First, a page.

Oh boy, the underbelly of suburban America. Everybody watch out.
I don’t know how they crank this stuff out.
What’s funny is, like I said before, nobody out here in middle American gives two shits about what Michael Pollan or David Lynch says about anything. Well okay. Some do. But most don’t and will find their information and/or entertainment from people who do not despise them as much as these luminaries of our time. These towering bastions of insight and carefully cultivated fart smelling.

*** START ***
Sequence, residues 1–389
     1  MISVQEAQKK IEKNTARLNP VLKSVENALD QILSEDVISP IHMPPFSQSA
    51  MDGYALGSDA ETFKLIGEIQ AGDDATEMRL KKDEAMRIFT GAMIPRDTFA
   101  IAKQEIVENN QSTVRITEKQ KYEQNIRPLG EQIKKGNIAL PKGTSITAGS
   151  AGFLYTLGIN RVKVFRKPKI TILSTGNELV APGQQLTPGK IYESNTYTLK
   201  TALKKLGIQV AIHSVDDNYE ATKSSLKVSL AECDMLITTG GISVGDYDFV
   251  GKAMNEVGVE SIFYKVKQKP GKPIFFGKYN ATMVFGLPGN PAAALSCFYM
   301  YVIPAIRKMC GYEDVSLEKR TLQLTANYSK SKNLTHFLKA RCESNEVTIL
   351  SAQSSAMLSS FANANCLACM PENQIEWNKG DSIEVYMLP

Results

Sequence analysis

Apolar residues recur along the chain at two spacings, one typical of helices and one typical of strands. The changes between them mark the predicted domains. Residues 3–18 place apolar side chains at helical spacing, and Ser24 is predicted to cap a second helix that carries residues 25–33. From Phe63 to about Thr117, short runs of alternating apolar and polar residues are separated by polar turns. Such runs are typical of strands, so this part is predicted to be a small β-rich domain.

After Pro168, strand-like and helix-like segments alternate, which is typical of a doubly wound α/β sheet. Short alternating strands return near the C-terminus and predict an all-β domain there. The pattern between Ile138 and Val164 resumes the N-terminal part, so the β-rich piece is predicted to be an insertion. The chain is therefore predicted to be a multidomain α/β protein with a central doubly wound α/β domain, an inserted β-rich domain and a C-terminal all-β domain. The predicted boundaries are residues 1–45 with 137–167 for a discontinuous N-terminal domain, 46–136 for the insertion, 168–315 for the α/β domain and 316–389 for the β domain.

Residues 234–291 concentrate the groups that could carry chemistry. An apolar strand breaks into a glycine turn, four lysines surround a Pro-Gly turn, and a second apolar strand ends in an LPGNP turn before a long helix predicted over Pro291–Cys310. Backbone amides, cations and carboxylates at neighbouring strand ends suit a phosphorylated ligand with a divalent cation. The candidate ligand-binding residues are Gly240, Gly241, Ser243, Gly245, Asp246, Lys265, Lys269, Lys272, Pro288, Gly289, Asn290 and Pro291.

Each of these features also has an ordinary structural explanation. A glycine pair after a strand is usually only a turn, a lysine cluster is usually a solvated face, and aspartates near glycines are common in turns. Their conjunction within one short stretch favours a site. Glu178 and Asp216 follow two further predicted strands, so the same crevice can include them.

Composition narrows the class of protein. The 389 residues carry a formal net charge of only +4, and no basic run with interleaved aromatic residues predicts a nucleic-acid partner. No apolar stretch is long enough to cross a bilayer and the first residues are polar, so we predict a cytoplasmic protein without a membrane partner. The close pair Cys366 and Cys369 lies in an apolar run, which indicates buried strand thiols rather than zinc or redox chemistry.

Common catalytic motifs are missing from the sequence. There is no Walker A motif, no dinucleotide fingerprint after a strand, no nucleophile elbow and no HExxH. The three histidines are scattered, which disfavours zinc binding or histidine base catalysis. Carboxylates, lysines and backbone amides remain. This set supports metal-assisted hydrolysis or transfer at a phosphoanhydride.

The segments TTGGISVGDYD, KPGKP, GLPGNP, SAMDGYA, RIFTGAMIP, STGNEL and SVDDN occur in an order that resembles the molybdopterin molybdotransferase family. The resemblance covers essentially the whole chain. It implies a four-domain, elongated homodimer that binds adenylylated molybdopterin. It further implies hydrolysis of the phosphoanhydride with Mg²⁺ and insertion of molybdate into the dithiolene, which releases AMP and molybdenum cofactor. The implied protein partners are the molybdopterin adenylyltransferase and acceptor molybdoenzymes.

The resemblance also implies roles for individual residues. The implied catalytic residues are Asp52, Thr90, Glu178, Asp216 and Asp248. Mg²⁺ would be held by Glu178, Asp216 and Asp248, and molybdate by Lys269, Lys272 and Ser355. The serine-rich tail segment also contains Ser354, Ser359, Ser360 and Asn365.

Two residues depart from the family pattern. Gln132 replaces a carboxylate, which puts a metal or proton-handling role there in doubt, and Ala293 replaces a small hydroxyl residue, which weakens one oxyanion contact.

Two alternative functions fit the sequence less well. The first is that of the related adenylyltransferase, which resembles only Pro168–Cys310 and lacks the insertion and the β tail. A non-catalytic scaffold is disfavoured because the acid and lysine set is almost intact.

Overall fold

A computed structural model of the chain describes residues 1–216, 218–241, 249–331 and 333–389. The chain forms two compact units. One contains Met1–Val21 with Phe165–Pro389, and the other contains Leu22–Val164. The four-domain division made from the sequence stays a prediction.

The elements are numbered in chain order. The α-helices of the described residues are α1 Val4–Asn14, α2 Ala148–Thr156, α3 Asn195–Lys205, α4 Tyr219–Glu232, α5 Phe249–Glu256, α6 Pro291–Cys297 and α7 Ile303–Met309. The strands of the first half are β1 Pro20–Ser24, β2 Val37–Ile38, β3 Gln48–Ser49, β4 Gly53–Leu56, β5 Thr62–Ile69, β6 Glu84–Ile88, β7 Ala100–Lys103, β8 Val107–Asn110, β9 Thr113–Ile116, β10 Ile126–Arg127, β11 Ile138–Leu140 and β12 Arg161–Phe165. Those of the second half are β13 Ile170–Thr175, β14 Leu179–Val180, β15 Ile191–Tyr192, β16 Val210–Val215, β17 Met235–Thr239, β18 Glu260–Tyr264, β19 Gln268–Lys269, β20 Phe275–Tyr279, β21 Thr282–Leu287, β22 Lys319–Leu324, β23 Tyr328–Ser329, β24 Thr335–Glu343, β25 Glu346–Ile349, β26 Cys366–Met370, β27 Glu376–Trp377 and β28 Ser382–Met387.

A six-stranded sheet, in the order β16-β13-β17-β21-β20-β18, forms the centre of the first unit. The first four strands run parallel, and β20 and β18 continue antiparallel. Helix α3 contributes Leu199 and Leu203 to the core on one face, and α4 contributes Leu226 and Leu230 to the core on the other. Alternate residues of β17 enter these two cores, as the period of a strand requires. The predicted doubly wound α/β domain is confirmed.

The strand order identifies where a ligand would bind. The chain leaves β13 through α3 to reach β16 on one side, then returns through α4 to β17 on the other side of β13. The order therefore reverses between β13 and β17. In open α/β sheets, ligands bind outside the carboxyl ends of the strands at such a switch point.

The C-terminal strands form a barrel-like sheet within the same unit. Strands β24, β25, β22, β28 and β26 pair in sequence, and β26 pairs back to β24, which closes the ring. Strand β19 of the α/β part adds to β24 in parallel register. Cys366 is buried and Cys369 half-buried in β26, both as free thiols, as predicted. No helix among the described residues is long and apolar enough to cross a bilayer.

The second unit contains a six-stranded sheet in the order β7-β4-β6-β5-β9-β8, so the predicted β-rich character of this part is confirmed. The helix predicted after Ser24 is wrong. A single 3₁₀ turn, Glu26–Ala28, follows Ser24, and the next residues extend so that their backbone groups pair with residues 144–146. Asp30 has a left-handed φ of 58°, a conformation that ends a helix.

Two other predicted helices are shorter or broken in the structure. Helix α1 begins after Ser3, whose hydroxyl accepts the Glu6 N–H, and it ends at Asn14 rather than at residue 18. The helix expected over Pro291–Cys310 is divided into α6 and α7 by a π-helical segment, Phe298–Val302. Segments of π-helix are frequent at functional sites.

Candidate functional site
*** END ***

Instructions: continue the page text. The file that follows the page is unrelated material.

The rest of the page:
The deeper question which underlies all this contemplation about lawns, suburbs vs cities, etc, is what is the right environment for a human being to flourish in? It’s not an easy question to answer. As Pollan points out, we mostly evolved on grasslands and so many people favor that environment. And if I may invoke a little prognostication of my own, ahem, I’m sure Pollan and many intellectuals who live in cities, view their city dwelling as a triumph over their evolutionary desire for a more natural environment. So many natural desires need to be suppressed in order for society to flourish. What could be a more clear picture of that than the modern day city? A towering middle finger to nature, entirely constructed by man, in which each resident sees and lives in only what has been manufactured. Besides perhaps a small block of sky over their heads. This is quite the image for me. I’m not sure you could make a case that it is more natural than anything, really. Strictly speaking, a city is very unnatural.